Now, even if tour operators keep out-of-pocket costs to a minimum, visitors can anticipate the same 7-day tour in Bhutan to cost at least USD 2500.
The Revised Sustainable Development Fee (SDF) Ushers in the New Normal
With this choice, Bhutan will venture into new opportunities or adversity. However, increasing people’s income is undoubtedly the main goal.
It was reported that numerous nations were considering adopting Bhutan’s former minimum Sustainable Development Fee (SDF) pricing policy for travel to lessen the negative effects of mass tourism and safeguard their environment and culture.
Bhutan continues to forge her path when it comes to welcoming tourists and visitors to her untouched beauty.
But at a Sustainable Development Fee (SDF) of USD 200 per night, it will undoubtedly put the post-pandemic market to the test and set new standards for tour operators and the hospitality industry of Bhutan in general.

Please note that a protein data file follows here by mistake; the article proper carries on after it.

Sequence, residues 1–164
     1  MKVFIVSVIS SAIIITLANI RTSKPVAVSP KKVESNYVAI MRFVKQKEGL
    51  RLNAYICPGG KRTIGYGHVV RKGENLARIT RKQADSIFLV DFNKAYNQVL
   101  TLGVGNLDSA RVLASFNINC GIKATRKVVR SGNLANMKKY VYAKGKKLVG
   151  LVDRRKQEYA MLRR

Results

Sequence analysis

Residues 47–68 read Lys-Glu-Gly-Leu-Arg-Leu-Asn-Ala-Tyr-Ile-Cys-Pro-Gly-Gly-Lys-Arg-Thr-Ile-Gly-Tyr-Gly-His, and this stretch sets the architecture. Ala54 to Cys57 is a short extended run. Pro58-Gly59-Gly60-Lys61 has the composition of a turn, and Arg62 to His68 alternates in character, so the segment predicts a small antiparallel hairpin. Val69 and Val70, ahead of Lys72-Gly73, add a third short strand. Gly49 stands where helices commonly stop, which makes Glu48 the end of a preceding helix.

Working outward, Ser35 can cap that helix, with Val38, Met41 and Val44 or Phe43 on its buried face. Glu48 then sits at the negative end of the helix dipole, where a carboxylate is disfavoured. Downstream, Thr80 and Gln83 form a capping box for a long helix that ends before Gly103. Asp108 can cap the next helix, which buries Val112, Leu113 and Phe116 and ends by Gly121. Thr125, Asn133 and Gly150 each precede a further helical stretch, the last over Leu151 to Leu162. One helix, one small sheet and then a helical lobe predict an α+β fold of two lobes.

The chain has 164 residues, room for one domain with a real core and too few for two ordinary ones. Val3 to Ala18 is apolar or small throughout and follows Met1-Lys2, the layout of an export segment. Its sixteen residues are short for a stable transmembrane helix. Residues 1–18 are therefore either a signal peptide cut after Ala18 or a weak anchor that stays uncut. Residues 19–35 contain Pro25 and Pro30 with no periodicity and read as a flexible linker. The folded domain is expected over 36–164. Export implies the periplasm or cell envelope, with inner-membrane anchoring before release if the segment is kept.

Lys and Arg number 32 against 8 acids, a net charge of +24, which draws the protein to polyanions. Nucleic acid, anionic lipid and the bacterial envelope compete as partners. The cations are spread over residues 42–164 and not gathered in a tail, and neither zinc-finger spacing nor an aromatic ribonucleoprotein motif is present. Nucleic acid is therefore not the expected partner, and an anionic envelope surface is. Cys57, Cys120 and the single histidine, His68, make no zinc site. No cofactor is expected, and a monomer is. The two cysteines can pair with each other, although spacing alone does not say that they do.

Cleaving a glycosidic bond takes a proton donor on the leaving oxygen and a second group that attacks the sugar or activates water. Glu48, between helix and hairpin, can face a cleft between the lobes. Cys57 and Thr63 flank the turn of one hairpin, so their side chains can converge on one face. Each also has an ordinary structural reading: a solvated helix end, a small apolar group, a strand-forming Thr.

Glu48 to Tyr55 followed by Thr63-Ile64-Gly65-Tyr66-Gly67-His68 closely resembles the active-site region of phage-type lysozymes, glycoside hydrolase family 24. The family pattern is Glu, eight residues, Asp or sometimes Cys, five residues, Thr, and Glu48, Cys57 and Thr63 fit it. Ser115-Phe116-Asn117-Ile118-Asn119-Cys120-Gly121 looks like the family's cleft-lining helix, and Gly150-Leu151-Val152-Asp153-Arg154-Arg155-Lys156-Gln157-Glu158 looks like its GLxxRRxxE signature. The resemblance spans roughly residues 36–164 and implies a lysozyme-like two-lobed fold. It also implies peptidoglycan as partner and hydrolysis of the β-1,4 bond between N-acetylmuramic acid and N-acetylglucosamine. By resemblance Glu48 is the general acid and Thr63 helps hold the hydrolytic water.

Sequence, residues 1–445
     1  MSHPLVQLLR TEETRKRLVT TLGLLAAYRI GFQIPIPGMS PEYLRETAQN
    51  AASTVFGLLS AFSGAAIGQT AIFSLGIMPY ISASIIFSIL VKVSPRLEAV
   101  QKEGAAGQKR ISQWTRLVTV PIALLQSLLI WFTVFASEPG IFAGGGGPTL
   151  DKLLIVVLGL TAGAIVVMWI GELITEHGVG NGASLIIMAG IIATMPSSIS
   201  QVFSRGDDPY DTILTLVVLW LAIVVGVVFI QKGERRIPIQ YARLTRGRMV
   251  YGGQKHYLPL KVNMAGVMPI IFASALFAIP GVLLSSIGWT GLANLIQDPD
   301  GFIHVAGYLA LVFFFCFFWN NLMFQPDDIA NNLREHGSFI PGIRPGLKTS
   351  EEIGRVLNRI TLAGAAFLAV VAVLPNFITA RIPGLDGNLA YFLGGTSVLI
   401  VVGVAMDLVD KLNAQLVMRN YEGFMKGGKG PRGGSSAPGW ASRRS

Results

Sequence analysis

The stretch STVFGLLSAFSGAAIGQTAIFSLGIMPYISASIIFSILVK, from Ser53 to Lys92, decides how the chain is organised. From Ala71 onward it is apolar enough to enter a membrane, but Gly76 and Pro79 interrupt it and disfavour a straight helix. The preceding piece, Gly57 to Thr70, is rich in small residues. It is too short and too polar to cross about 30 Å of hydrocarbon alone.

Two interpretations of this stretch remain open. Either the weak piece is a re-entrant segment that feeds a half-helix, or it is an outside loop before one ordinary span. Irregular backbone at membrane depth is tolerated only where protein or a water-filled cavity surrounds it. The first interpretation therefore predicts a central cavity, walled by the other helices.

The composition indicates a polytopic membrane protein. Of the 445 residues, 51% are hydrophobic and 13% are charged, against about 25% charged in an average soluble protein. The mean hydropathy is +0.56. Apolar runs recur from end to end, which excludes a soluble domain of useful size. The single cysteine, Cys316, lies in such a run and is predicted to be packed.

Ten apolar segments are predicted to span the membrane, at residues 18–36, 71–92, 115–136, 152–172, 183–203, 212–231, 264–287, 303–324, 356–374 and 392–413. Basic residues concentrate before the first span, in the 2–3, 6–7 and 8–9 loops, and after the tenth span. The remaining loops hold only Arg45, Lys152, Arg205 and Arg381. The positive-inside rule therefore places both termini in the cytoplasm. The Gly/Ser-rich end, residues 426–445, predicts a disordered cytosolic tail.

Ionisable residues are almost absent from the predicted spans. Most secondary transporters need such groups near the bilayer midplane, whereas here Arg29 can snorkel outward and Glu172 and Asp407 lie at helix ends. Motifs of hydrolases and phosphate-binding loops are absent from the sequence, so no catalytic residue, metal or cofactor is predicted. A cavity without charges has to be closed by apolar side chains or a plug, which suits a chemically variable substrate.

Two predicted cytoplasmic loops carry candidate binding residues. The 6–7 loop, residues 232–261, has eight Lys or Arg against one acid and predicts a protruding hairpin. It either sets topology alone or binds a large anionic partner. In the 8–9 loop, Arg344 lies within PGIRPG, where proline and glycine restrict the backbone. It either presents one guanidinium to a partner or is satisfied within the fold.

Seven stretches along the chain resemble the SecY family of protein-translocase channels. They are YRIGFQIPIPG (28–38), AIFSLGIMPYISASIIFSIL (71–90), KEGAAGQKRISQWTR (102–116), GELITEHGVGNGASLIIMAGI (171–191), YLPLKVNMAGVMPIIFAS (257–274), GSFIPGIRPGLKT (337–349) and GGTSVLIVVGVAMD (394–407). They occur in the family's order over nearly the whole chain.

It is in the hands of the hospitality industry to provide exclusive services to encourage more travelers to Bhutan.
The new Sustainable Development Fee (SDF) has undoubtedly raised some issues for Bhutan’s hospitality sector. Still, the fee will support initiatives that support carbon-neutral travel and help the country’s tourism business become more sustainable.
This involves reducing the carbon footprint of visitors and retraining industry employees.
Until recently, all visitors to Bhutan on all-inclusive package tours had to pay the Minimum Daily Package Rate (MDPR), which applied to all visitors.
The cost, which included lodging, food, transport, and the Sustainable Development Fee (SDF), was roughly USD 250 during the high season and USD 200 during the off-season.
Be a part of aiding a developing nation in sustaining their religion, culture, and traditions and embrace the new High-Value Low-Volume practice.
Contact us today to know more about important travel updates before traveling to Bhutan!